SCE opposes the IEP Motion on two grounds. First, SCE notes that contracts with qualifying facilities (QFs) are subject to the QF/combined heat and power (CHP) Settlement approved in D.10-12-035, and that settlement addresses greenhouse gas compliance costs. (SCE Response at 1-3.) Second, SCE argues that for non-QF contracts, the issue of greenhouse gas cost recovery is more appropriately addressed at the Federal Energy Regulatory Commission (FERC), rather than at the CPUC. (Id. at 3-5.)
Because of the timing of when this issue arose, it was not addressed in testimony or evidentiary hearings in this proceeding. The record on this issue consists solely of IEP's Motion and the responses to that motion.
As a threshold matter, we agree with SCE that we are not modifying the terms of our approval of the QF/CHP Settlement in D.10-12-035. Contracts that are subject to that settlement should be addressing greenhouse gas compliance costs consistent with that decision, and need not be addressed again here. There are, however, contracts with non-QF independent generators that are not covered by that settlement, and we do need to address this issue regarding those generators.19
As a general matter, the independent generators are correct that it appears somewhat arbitrary and unfair for the recovery of greenhouse gas compliance costs to vary between otherwise similarly-situated generators based on whether the applicable contract was signed before or after the passage of AB 32. At the same time, contracts negotiated and executed when AB 32 was working its way through the legislature should have taken the potential impacts of AB 32 into consideration. Even those negotiating contracts shortly before then might also have reasonably foreseen that this issue could arise.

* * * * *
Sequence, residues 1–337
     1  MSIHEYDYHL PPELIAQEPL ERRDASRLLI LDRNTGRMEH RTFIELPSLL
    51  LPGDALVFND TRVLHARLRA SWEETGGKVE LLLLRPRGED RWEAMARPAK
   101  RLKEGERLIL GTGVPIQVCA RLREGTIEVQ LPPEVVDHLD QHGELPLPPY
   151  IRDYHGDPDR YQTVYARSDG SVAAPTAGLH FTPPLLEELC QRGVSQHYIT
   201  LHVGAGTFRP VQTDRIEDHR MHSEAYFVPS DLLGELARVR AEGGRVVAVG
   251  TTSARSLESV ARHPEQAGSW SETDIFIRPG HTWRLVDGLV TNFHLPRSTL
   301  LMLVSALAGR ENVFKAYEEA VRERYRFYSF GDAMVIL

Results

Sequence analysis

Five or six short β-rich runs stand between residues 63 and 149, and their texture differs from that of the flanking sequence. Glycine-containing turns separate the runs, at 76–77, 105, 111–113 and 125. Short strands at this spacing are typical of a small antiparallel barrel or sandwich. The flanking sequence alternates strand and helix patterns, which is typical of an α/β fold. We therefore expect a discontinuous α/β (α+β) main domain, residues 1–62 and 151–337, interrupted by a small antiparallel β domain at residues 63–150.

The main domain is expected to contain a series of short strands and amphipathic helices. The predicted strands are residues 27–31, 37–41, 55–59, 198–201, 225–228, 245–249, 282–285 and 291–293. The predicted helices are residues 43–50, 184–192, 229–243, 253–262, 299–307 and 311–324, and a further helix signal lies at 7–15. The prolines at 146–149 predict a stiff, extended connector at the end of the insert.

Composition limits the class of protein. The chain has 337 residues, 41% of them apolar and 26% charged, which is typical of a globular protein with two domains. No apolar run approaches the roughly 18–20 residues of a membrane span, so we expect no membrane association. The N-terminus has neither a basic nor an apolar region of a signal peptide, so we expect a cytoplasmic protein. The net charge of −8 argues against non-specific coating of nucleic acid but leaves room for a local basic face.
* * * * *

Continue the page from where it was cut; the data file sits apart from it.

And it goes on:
In D.08-10-037, we emphasized the importance of treating all market participants equitably and fairly, and reiterated our statement in D.08-03-018 that, "[I]t is not our intent to treat any market participants unfairly based on their past investments or decisions made prior to the passage of AB 32." (D.08-10-037 at 144-145, citing D.08-03-018 at 18.) While we do not need to treat everyone identically, and we are not in the business of bailing unregulated market participants out from their own past missteps, this fundamental concept still holds true: we do not want to inadvertently create or maintain unfair competitive impacts.